It has been found, however, that operating conventional TRSVs to the locked out position and establishing this communication path has several inherent drawbacks. To begin with, the communication path creates a leak path for formation fluids up through the hydraulic control system. As noted above, TRSVs are intended to operate under abnormal well conditions and serve a vital and potentially life-saving function. Hence, if such an abnormal condition occurred when one TRSV has been locked out, even if other safety valves have closed the tubing string, high pressure formation fluids may travel to the surface through the hydraulic line. In addition, manufacturing a TRSV with this radial bore requires several high-precision drilling and thread tapping operations in a difficult-to-machine material. Any mistake in the cutting of these features necessitates that the entire upper subassembly of the TRSV be scrapped. The manufacturing of the radial bore also adds considerable expense to the TRSV, while at the same time reducing reliability of the finished product. For example, if the seal between the sheer plug and the radial bore fails, a communication path for formation fluids may be created between the annulus and the interior of the TRSV. Additionally, this added expense and complexity must be built into every installed TRSV, while it will only be put to use in some small fraction thereof.

Therefore, a need has arisen for a system and method for establishing a communication path for hydraulic fluid pressure to a WRSV from a failed TRSV. A need has also arisen for such a system and method that does not create the potential for formation fluids to travel up through the hydraulic control line. Further, a need has arisen for such a system and method that does not require the complexity, expense, leak potential and reliability concerns associated with manufacturing a TPSV with a radial bore having a sheer plug therein.

SUMMARY OF THE INVENTION

The present invention disclosed herein comprises a system and method for establishing a communication path for hydraulic fluid pressure to a wireline retrievable downhole device from a tubing retrievable downhole device. The system and method of the present invention avoids the potential for formation fluids to travel up through the hydraulic control line. The system and method of the present invention also avoids the complexity, expense, leak potential and reliability concerns associated with a pre-drilled radial bore in the tubing retrievable downhole device that requires a sheer plug to be disposed therein to provide a seal.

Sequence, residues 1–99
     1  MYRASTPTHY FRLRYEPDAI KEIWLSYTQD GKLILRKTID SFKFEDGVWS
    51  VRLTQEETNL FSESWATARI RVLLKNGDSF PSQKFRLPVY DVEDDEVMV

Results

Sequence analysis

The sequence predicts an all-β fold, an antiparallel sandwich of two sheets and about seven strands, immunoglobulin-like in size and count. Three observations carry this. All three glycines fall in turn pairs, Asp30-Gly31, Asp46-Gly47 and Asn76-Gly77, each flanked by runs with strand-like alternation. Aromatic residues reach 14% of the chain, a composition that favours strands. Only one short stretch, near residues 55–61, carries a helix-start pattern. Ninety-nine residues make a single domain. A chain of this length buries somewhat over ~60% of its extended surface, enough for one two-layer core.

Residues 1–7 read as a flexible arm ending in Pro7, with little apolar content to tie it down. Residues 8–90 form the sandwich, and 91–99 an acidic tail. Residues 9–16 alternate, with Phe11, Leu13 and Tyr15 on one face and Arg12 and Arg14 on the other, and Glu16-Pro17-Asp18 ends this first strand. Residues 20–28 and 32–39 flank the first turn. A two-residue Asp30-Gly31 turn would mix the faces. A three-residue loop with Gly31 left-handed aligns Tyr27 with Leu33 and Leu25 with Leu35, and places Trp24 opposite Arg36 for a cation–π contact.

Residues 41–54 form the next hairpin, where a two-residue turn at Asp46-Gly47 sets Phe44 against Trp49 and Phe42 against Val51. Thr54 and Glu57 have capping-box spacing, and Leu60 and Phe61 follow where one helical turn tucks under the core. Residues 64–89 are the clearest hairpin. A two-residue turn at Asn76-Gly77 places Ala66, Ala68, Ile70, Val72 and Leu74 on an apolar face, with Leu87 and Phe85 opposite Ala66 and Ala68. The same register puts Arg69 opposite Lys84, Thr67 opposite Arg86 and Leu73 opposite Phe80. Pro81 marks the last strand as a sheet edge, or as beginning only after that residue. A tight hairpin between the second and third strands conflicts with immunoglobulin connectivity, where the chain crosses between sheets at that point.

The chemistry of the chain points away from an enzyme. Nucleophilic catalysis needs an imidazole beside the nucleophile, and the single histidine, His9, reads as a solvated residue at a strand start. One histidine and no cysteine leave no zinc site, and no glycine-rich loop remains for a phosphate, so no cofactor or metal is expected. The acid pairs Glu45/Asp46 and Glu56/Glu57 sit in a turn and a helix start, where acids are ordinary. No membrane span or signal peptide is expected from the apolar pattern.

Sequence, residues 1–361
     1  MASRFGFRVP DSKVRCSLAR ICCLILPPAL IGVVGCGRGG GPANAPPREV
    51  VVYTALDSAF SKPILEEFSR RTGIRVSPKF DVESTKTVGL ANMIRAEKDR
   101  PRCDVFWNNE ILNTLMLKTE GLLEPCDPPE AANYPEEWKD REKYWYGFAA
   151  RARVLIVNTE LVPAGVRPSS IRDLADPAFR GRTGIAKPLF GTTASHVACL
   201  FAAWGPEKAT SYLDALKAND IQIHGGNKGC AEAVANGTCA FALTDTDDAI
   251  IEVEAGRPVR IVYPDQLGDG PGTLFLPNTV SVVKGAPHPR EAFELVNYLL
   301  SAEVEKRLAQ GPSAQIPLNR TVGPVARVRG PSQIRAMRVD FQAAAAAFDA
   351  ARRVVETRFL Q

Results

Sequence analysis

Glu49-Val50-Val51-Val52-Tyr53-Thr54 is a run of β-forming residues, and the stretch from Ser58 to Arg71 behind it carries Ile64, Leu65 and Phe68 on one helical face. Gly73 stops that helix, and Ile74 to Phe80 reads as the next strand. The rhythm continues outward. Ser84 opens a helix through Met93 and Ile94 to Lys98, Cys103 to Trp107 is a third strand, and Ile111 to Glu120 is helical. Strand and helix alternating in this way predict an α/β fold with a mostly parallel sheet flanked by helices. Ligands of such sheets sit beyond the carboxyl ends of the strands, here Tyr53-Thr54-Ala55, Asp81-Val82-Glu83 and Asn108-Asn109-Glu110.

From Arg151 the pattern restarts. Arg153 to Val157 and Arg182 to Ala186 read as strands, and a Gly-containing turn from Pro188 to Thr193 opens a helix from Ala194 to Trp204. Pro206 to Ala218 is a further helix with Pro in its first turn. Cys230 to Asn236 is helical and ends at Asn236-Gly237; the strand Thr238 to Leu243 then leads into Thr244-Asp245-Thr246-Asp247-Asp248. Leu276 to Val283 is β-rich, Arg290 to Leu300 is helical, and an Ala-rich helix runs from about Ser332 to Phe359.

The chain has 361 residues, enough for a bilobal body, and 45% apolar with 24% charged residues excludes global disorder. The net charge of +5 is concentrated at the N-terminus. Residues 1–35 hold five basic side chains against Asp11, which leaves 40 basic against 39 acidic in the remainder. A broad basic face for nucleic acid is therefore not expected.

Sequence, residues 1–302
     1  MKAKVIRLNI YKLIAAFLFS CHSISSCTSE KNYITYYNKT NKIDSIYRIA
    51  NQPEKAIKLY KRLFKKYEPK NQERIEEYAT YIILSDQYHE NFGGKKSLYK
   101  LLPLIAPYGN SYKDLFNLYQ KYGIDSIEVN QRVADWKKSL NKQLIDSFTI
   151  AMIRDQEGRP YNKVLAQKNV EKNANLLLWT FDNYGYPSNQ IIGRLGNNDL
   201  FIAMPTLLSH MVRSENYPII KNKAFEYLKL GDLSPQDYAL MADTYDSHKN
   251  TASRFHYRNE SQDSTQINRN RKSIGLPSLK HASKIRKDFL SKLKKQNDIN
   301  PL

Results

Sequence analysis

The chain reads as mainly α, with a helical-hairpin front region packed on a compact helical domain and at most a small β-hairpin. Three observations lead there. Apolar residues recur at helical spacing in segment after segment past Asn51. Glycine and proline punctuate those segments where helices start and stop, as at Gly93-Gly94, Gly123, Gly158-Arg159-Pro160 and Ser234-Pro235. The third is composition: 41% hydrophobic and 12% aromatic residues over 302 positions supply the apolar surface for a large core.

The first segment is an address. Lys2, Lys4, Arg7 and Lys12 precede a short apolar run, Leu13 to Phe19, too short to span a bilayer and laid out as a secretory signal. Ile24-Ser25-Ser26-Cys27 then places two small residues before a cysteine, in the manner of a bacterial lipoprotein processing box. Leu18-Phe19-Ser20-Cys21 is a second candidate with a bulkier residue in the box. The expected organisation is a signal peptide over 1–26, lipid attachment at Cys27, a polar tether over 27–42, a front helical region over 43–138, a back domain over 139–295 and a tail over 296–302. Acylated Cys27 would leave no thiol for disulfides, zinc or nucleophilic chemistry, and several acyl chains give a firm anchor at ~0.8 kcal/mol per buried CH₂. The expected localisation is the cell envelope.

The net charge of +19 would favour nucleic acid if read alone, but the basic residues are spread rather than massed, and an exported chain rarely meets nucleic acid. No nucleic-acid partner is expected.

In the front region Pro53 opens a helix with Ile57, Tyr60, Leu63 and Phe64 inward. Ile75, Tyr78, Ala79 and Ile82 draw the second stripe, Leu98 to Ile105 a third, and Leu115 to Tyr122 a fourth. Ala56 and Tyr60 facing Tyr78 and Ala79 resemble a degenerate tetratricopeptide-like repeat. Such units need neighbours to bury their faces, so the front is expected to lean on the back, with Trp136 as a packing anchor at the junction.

The system of the present invention for communicating hydraulic control from a tubing retrievable downhole device to a wireline retrievable downhole utilizes a tubing retrievable downhole device having a hydraulic chamber. After a malfunction of the tubing retrievable downhole device is detected and a need exists to otherwise achieve the functionality of the tubing retrievable downhole device, a radial cutting tool may be selectively located within the tubing retrievable downhole device. The radial cutting tool is used to create a fluid passageway between the hydraulic chamber of the tubing retrievable downhole device and the interior of the tubing retrievable downhole device. As such, hydraulic fluid may now be communicated down the existing hydraulic lines to the interior of the tubing. Once this communication path exists, the wireline retrievable downhole device may be positioned within the tubing retrievable downhole device such that the hydraulic fluid pressure from the hydraulic system may be communicated to the wireline retrievable downhole device.

The radial cutting tool that is selectively located within the tubing retrievable downhole device may be a chemical cutting tool, a mechanical cutting tool, explosive cutting mechanism or the like that are well known in the art.

In one embodiment of the present invention, the tubing retrievable downhole device may be a tubing retrievable safety valve that is operated to the lock out position prior to creating the fluid passageway between the hydraulic chamber of the tubing retrievable safety valve and the interior of the tubing retrievable safety valve. In this embodiment of the present invention, the wireline retrievable downhole device is typically a wireline retrievable safety valve that is used to replace the functionality of a malfunctioning tubing retrievable safety valve.

The method of the present invention for communicating hydraulic control from a tubing retrievable downhole device to a wireline retrievable downhole device involves locating a radial cutting tool within the tubing retrievable downhole device, creating a fluid passageway from the hydraulic chamber of the tubing retrievable downhole device to the interior of the tubing retrievable downhole device with the radial cutting tool and positioning the wireline retrievable downhole device within the tubing retrievable downhole device adjacent to the fluid passageway, thereby communicating hydraulic control to the wireline retrievable downhole device.